It’s been less than a year since “Tidying Up with Marie Kondo” came into my life, but I swear things are the better for it. Here are some things I seriously do that made my apartment much more livable (when I remember to do them).
1.Greeting your space.
Whenever Marie enters the homes of the guests on her show, she invites them to greet the space with her. Of course, she is a guest, so it is a matter of respect, but I thought it was something I should also do. Too often, I walk in and out of my home with little thought to the space that I hope to safely return to later. So, though not often enough, I try to relish in coming home, especially when I’m tired. Nothing as cheesy as, “Hello, home” is needed. Sometimes, it’s as simple as gently putting my keys in their dish instead of tossing them there. Sorry, keys!
2.Does it spark joy?
I think we’ve all adopted the idea of “does it spark joy?” into our lives. Whether you mean it ironically or not, it’s become a common phrase in 2019. But it’s important to consider. Does this shirt spark joy? No, it doesn’t fit anymore and isn’t part of my current style. It can apply to anything, though. Does this dressing I’ve been keeping in my fridge spark joy? Does this pen spark joy? Does this friend? The last one may need a longer conversation with yourself (and, uh, probably the friend), but asking if the things I spend most of my time with make you happy has definitely brightened my life.
3.Thanking your objects.
Thanking your objects seemed weird at first — why am I talking to a shirt? But it really helped me to think about the object I’m holding and to think of the memories I have of it. Are they good? Bad? Then I know whether I need to truly throw it away or if it actually sparks joy. Sorry shirt-that-no-longer-fits, turns out I didn’t like you much when you did.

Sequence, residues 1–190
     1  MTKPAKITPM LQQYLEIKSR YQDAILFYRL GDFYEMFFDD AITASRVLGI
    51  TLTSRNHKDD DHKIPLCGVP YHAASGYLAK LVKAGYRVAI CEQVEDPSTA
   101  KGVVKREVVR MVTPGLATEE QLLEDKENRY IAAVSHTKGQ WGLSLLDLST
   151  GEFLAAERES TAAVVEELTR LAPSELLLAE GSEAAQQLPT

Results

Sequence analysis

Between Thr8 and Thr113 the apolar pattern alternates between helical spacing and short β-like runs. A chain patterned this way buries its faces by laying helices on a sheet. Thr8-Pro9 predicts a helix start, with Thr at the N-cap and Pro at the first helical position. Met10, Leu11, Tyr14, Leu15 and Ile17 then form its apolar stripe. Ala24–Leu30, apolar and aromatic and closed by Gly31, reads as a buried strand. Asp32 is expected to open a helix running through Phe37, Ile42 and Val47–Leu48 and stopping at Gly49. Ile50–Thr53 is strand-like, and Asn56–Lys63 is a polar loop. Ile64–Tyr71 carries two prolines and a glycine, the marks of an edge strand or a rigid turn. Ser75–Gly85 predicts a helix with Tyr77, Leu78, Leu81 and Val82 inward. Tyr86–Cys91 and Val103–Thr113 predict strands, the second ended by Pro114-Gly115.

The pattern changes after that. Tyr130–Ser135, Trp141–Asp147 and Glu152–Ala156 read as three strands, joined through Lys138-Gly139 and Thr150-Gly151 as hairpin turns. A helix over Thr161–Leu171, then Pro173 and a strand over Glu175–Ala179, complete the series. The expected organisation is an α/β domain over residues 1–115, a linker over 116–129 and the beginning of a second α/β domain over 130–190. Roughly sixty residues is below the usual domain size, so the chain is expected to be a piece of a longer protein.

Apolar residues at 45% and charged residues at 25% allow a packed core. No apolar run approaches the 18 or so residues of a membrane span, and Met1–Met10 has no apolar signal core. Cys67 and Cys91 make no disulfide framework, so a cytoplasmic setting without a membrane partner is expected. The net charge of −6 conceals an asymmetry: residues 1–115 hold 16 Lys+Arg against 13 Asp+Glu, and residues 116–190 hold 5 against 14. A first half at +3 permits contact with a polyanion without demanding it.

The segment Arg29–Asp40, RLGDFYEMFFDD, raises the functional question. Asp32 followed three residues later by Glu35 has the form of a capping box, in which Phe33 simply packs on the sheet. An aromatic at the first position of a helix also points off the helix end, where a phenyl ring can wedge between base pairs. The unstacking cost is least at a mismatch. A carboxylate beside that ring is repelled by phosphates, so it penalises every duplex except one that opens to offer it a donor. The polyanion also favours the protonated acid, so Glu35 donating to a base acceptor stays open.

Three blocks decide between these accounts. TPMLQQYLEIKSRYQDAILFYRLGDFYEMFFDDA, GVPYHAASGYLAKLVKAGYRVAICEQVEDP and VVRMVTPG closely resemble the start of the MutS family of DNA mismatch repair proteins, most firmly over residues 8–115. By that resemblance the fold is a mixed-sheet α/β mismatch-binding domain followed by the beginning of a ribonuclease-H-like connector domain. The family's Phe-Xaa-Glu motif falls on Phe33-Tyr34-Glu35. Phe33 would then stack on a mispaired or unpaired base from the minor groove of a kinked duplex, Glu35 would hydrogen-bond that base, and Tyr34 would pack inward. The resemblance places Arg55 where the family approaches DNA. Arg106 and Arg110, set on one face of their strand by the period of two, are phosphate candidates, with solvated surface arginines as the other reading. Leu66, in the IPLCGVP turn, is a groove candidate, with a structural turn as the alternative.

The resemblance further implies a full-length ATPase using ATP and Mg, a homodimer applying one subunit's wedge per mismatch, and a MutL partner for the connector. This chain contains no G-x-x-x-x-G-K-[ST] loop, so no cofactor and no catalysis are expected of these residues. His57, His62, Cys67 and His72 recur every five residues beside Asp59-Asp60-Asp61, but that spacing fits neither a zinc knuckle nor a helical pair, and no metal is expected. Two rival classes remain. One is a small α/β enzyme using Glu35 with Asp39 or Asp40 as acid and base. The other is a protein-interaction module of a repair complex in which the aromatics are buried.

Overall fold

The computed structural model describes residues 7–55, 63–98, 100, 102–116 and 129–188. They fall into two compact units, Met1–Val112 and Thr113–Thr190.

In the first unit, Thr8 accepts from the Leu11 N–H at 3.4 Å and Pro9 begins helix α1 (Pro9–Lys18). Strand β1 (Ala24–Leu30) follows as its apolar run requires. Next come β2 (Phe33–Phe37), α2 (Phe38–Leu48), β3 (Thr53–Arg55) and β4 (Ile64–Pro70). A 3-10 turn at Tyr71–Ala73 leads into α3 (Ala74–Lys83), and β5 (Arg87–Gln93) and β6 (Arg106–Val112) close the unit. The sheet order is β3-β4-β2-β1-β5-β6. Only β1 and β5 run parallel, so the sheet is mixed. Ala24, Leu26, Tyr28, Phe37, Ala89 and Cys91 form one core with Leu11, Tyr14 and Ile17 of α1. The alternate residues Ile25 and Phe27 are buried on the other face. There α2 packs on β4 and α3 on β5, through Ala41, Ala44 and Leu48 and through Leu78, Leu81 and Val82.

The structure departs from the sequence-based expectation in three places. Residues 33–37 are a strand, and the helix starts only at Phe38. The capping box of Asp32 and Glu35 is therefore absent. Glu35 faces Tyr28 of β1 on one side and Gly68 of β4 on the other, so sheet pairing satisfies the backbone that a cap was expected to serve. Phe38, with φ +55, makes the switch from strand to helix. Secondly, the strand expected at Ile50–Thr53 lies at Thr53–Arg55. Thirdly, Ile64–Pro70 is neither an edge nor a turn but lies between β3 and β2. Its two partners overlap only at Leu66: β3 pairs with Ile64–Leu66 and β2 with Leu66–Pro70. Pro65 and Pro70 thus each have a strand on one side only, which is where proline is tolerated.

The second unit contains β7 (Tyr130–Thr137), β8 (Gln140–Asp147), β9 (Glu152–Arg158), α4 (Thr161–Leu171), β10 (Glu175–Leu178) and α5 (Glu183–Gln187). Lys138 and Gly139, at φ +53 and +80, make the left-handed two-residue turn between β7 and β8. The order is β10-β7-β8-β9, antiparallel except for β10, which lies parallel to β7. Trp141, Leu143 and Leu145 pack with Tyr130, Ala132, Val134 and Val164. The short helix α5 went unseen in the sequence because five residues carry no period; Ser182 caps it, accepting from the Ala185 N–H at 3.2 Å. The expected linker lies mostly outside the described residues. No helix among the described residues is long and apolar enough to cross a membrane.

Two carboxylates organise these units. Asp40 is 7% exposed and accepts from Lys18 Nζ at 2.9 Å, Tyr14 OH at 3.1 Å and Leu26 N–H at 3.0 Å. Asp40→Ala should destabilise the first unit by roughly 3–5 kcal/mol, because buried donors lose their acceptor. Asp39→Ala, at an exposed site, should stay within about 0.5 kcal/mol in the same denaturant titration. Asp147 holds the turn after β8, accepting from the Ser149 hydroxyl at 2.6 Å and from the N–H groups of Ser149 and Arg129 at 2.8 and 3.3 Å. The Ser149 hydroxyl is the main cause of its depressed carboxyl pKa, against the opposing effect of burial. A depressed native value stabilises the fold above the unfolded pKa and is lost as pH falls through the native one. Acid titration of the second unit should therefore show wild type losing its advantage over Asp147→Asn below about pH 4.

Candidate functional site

4.Become friends with boxes.
I already loved boxes. The Container Store is like a candy store for me. Then Marie Kondo gave me permission to get them? Forget about it. I’ve got boxes for pictures and containers for winter sweaters. I even bought a box for my socks!
5.Reassess your book situation.
I am constantly buying books (or get free books, I am very lucky!) that I then don’t read. Boiling everything down to what Marie said, only keep the books you want to bring with you into the future. Based on this, I need to get rid of some. I keep the ones that spark joy: the ones I’ve read and reread, the ones I just like, the ones I bought to support that author, that ones that just look beautiful on my shelf… #shelfiesareimportant
6.Learn to love folding shirts…
I have a lot of nerdy graphic tees and Kondo’s folding method has really organized my drawer so I can just open it up and see which tee I wanna rock each day. My initial fear was that they’d start falling down the more shirts I took out, but it turns out, I have enough shirts that when my drawer is half-full, I do laundry and fill it right back up again. If… I remember to do the laundry.
7.and folding socks, too.
Socks are similar. I constantly buy socks (thanks Target!) so I have probably over a hundred pair of them in a large box that fits under my bed. Half of them used to be balled up in their pair (or, uhm, an adjacent pair), but now I fold them in half and now it’s much easier to see all 200 of my socks and play the match game for pairs I thought were forever separated.
8.Throwing away papers because letting go is ok.
I’m still working on the papers one. I too often get paranoid about throwing things away that I’ll need later. But a small tip I do now, inspired by Marie, is to toss those envelopes! I used to keep letters and bills in the envelopes they came in (I blame my grandma who also uses those as scratch paper…) but now away they go in the trash! This also helps me toss unimportant documents too, by forcing me to put them in a specific place (and not pile them on my desk).
9.Learning to love the mess.
I’m a pretty messy person, so cleaning does not bring me joy. But neither does being messy. So Marie helped me find a balance between the two. Her (in)famous quote, “I love mess” is something I think about a lot (mostly because some of my friends are messy, but that’s another story). Marie gets excited to look at mess and organize it and make someone’s life better. I should feel that about my own mess. I should be excited to make my life better and cleaner. So I try to do that. Thanks, Marie.
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